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Stages Of Grief…

By August 17, 2022No Comments

Stages Of Grief…

When I was 18, I started college and studied sociology with an emphasis on family studies. I am at my core a learner and I loved my degree field and all that I learned in those 4 years. I learned about why we do the things we do. Why family is important. Why are families structured the way they are? I learned about how our mind works and how our mind can be altered by certain factors, triggers, traumas and upbringing, but until I lost my husband at 36, I never truly understood what all that learning meant or how it would help me to survive the coming days, months and years. 

I had the book knowledge, all the learning and hours in a class studying and observing, but until I faced my own trauma and tragedy I did not understand how trauma and loss truly affects us. I also learned about the stages of grief and what they looked like and meant. Most of us have heard those stages: denial, anger, bargaining, depression and acceptance. They look (to the outside world) like a linear line with a consistent movement from one to the next and it looks like it will be hard, but doable, but what if I told you that grief is not done in a linear path and that the stages don’t move from one to the next in a simple version? All of my years learning and studying didn’t prepare me for what the stages of grief truly look like.

Grief is anything but simple and does not follow an easy path. I am the first to acknowledge that the stages of grief exist during the grieving process, but they are nothing simple and do not show the true image of what grief does to you. Grief takes you through all of the stages and then back through one of them again and then back to the other and then truly never ends at some easy door of acceptance. Yes, you accept that your person is gone, but your heart always misses and never truly understands or accepts that things are forever changed. Grief is like a roller coaster with loops and hills named denial, anger, bargaining, depression and acceptance and you never know what loop is coming next. You don’t know if you’ll go backwards and do another loop through denial or depression even if you passed acceptance.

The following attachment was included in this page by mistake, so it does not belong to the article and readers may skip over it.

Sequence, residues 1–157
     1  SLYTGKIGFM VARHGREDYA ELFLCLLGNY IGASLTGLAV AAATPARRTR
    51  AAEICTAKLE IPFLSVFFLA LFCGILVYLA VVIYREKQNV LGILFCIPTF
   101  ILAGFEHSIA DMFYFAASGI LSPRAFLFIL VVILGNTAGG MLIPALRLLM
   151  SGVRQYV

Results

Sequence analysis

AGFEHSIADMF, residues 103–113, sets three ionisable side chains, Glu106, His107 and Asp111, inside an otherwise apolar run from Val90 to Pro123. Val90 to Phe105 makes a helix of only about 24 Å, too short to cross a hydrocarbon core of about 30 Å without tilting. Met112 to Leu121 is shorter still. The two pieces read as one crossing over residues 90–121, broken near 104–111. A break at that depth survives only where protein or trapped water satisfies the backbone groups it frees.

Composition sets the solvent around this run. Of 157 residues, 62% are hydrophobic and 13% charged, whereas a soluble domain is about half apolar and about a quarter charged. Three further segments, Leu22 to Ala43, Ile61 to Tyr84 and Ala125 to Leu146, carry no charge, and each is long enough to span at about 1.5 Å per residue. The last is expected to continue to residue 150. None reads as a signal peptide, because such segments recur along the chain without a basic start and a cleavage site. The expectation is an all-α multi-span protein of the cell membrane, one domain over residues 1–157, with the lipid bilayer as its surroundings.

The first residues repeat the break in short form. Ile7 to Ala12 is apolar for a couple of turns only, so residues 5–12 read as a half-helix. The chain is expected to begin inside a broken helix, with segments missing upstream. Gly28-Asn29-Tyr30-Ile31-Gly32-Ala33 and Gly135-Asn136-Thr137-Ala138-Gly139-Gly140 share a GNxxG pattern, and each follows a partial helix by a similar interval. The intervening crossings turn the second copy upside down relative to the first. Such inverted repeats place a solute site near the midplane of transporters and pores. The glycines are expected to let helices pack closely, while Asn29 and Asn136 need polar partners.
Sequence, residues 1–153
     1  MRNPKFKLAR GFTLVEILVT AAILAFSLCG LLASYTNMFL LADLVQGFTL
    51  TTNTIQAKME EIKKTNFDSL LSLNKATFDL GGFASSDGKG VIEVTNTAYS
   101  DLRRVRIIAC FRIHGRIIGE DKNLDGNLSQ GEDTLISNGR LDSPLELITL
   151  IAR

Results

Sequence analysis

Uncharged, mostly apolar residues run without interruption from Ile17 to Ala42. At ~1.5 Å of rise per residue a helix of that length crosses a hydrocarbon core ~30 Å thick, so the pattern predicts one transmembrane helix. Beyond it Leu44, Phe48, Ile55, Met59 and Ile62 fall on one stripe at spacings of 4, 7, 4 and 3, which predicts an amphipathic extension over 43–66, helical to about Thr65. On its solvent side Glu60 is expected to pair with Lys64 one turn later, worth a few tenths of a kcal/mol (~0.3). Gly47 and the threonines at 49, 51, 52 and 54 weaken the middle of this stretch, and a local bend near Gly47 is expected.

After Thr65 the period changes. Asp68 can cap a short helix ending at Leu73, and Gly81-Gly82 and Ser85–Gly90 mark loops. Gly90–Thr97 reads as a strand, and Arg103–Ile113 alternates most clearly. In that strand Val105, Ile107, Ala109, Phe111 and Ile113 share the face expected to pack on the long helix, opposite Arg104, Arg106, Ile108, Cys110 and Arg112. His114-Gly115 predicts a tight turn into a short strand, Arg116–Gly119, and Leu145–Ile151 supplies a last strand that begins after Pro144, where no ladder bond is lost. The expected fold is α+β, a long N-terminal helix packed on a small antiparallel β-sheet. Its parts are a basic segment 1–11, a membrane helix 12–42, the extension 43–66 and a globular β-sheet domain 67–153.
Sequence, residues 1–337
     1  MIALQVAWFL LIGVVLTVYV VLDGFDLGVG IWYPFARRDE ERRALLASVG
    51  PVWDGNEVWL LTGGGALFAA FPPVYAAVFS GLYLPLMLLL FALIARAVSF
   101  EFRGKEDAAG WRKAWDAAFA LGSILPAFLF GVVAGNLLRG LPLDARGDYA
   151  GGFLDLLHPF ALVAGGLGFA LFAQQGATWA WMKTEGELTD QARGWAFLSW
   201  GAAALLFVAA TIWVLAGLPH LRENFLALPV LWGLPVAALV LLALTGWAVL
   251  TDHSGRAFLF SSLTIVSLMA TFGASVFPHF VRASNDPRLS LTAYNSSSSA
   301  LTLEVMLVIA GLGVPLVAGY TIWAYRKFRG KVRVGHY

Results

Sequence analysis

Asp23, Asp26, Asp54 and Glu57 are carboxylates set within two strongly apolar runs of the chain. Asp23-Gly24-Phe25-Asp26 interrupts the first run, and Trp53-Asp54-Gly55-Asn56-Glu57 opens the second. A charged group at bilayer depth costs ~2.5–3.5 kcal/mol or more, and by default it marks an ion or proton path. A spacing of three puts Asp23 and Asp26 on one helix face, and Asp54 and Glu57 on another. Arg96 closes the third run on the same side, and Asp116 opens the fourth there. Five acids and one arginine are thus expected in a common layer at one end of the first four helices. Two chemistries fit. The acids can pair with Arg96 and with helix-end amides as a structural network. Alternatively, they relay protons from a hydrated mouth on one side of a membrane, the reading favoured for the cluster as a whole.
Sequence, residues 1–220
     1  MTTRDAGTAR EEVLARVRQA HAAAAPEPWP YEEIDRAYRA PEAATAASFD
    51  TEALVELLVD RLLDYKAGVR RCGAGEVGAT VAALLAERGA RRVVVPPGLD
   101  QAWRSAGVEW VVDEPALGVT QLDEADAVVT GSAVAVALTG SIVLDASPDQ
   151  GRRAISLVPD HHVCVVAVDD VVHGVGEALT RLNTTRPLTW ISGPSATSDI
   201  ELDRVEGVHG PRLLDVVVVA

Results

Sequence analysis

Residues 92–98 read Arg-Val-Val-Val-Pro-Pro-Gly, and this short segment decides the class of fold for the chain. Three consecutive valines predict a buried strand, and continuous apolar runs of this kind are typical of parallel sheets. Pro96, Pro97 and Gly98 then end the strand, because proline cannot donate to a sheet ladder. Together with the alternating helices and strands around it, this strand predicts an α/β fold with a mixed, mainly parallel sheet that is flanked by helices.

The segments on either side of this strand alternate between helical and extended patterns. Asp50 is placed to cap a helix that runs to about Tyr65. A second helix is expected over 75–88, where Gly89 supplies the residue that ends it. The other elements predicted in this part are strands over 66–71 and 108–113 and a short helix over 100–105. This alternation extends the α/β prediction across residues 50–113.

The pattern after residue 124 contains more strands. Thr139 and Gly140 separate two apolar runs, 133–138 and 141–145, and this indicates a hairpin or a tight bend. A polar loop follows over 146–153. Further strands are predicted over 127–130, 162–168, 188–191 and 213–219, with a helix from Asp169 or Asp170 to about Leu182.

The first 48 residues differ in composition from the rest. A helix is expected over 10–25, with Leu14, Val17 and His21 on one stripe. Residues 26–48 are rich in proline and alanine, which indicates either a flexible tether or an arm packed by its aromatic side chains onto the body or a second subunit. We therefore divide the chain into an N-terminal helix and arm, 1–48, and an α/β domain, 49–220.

Quite simply grief is not an easy, explainable or linear process. So, you are probably thinking,  “will I ever get through my grief?” Or you might be thinking, “how do I help my grieving friend through their grief if there is truly not an end to grief?” What I say to those questions is you don’t truly ever “get through” grief. You come to a different place and you truly become a different version of yourself. Not everyday will feel like that roller coaster anymore, but you’ll still be changed and processing through your grief. For your friend that is grieving, you display patience. You let them process through their grief with you because they know that it is a safe place. You never tell them they should be at the acceptance stage and should now be okay. You recognize that their grief has changed them and you love them anyway.

So, have I moved through those stages and how does my grief still affect me and my relationships 6 years later? It truly depends on the day and the challenges I’m facing, but I can tell you that it has changed me. It may be a type of acceptance, but I still mourn. I still have sad days and I still have moments where I feel like I’m going backwards through the roller coaster of those stages, but then I recognize that grief has changed me (and not all in bad ways) and I’m going to be okay. 

People often ask my husband what it is like to be married to a widow and he will tell them honestly that it isn’t always easy because grief affects us extensively. It makes holidays hard, it makes milestones in life hard and he knows that I will always have a part of me that loves my late husband. The other joyous part of being married to a widow is that we know that each day is precious and we love others knowing that each moment we have together may be our last. Grief is definitely not through easy, linear stages, but if you allow God to work in you and give you daily strength you can use your grief to help others and learn to love in new ways!

Female in yellow shirt smiling in a group photo

Amy Woody

Stand in the Gap for Widows, Program Director

Amy Woody brings her personal experience and passion for helping others to her work with widows. She wants you to never forget you have a purpose and a God-given calling placed on your life, no matter what you've been through! Use your hurt to help others!